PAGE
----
Heavy rain has Southern California on alert for flash flooding and mudslides today, two months after deadly mudslides in Montecito.

Rainfall totals are expected to mostly range from 2 to 5 inches across coastal and valley areas and 4 to 8 inches across foothills and coastal slopes. But the top rain total has been in San Luis Obispo County, which has seen 9.5 inches

As of 11 a.m. local time, Santa Barbara had seen 2.7 inches of rain and Montecito 2.5 inches.

Rainfall rates could be as high as an inch an hour, potentially causing mudslides and rockslides.

Santa Barbara County Sheriff's patrol the Glen Oaks Drive area near East Valley Road and San Ysidro Creek Wednesday as s mandatory evacuation remains in place, March 21, Montecito, Calif. (Al Seib / Los Angeles Times/Polaris) Santa Barbara County Sheriff's patrol the Glen Oaks Drive area near East Valley Road and San Ysidro Creek Wednesday as s mandatory evacuation remains in place, March 21, Montecito, Calif.
Muddy water runs downstream as heavy rain falls along a stretch of Highway 33 near Ojai, March. 21, 2018.(Luis Sinco/Los Angeles Times/Polaris) Muddy water runs downstream as heavy rain falls along a stretch of Highway 33 near Ojai, March. 21, 2018.

In Santa Barbara County, 30,000 people were told to evacuate, including residents of Montecito.

This photo from video provided by the Santa Barbara County Fire Department shows Montecito Creek flowing alongside debris left over from January mudslides in Montecito, Calif., March 21, 2017.(Mike Eliason/Santa Barbara County Fire Department via AP) This photo from video provided by the Santa Barbara County Fire Department shows Montecito Creek flowing alongside debris left over from January mudslides in Montecito, Calif., March 21, 2017.

The Jan. 9 storm in Montecito killed 21 people, left two children missing and destroyed many homes.

Dave Zaniboni of the Santa Barbara County Fire Department described the aftermath of the January mudslide as a "battlefield" and "unrecognizable."

"I've been doing this for 32 years and I've never seen anything just so tragic in my life," he told ABC News Wednesday.

Mudflow and damaged homes in Montecito, Calif., Jan. 10, 2018. (Matt Udkow/Santa Barbara County Fire Department via AP) Mudflow and damaged homes in Montecito, Calif., Jan. 10, 2018.
Police drive amid the devastation of a mudslide on East Valley Road in Montecito, Calif., on Jan. 11, 2018.(Juan Carlo/Ventura County Star via USA TODAY NETWORK) Police drive amid the devastation of a mudslide on East Valley Road in Montecito, Calif., on Jan. 11, 2018.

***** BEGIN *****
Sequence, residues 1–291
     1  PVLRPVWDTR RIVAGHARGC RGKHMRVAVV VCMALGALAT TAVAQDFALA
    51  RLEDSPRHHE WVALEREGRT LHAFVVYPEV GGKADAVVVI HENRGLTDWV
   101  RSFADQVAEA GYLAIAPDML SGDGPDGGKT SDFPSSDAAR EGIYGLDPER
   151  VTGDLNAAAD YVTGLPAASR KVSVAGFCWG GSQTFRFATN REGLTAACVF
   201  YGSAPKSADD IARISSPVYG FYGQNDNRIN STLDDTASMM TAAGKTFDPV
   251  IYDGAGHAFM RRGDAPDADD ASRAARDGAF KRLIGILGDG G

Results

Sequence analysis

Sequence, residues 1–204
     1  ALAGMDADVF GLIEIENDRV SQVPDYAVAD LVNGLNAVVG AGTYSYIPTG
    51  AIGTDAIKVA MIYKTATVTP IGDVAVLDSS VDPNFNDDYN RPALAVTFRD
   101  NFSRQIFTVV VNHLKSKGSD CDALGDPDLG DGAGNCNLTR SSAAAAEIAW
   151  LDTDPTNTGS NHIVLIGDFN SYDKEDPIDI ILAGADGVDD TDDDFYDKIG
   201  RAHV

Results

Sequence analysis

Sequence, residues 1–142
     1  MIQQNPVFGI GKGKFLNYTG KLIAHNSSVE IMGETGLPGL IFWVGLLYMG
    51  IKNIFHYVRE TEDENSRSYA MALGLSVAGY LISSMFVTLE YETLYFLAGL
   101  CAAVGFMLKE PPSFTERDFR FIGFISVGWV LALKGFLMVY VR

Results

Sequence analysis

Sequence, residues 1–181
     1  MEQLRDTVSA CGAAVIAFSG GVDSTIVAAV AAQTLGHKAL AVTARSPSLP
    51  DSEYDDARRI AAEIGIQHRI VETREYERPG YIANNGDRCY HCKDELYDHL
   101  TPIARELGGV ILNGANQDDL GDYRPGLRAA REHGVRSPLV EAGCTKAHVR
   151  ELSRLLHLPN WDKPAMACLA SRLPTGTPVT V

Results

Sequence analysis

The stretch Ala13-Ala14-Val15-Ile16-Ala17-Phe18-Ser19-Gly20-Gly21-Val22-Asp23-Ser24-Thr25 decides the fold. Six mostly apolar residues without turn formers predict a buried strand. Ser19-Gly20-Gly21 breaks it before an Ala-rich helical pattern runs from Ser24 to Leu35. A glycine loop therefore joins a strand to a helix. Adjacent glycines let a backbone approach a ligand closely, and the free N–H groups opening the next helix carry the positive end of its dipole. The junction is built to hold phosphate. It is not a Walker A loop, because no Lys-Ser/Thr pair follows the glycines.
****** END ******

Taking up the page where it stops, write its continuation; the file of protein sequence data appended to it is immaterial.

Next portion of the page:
Emergency personnel evacuate local residents and their dogs after a mudslide in Montecito, Calif., Jan. 9, 2018.(Kenneth Song/Santa Barbara News-Press via Reuters) Emergency personnel evacuate local residents and their dogs after a mudslide in Montecito, Calif., Jan. 9, 2018.

The "monster storm" Jan. 9 "dropped a half an inch of rain in 15 minutes and an inch of rain in half an hour,” Zaniboni said, “and that's what caused the debris flow."

Today's storm is expected to be bigger, but over a longer period of time, which eases the debris flow, he said.

Commuters drive under heavy rainfall in Los Angeles, March 21, 2018. A slow-moving storm, billed as an "atmospheric river" began unleashing rain across southern California. Mandatory evacuations have been ordered by officials in Santa Barbara, Ventura and Los Angeles counties.(Frederic J. Brown/AFP/Getty Images) Commuters drive under heavy rainfall in Los Angeles, March 21, 2018. A slow-moving storm, billed as an "atmospheric river" began unleashing rain across southern California. Mandatory evacuations have been ordered by officials in Santa Barbara, Ventura and Los Angeles counties.
Raindrops are seen on a vehicle's window as a woman walks by using an umbrella under heavy rainfall in Los Angeles, March 21, 2018.(Frederic J. Brown/AFP/Getty Images) Raindrops are seen on a vehicle's window as a woman walks by using an umbrella under heavy rainfall in Los Angeles, March 21, 2018.

"Because this storm is so widespread and so long in duration, we're concerned about any heavy cells, any thunderstorm that might center over these mountain areas," Zaniboni said. "Right now, they're doing a great job as far as the creeks and stuff go. They're funneling all the water off the mountains and the creeks are running clear.

"But after Jan. 9 all of those creeks ... were jam-packed, clogged up with debris and trees and boulders and houses," he added. "Since Jan. 9, the Army Corps of Engineers has been in here working hand-in-hand with Santa Barbara County Flood Control; they've been working around the clock and got all of those debris basins and all those creeks clear."

The rain will continue all day and get lighter by later this afternoon and evening.

ABC News' Kayna Whitworth and Scott Shulman contributed to this report.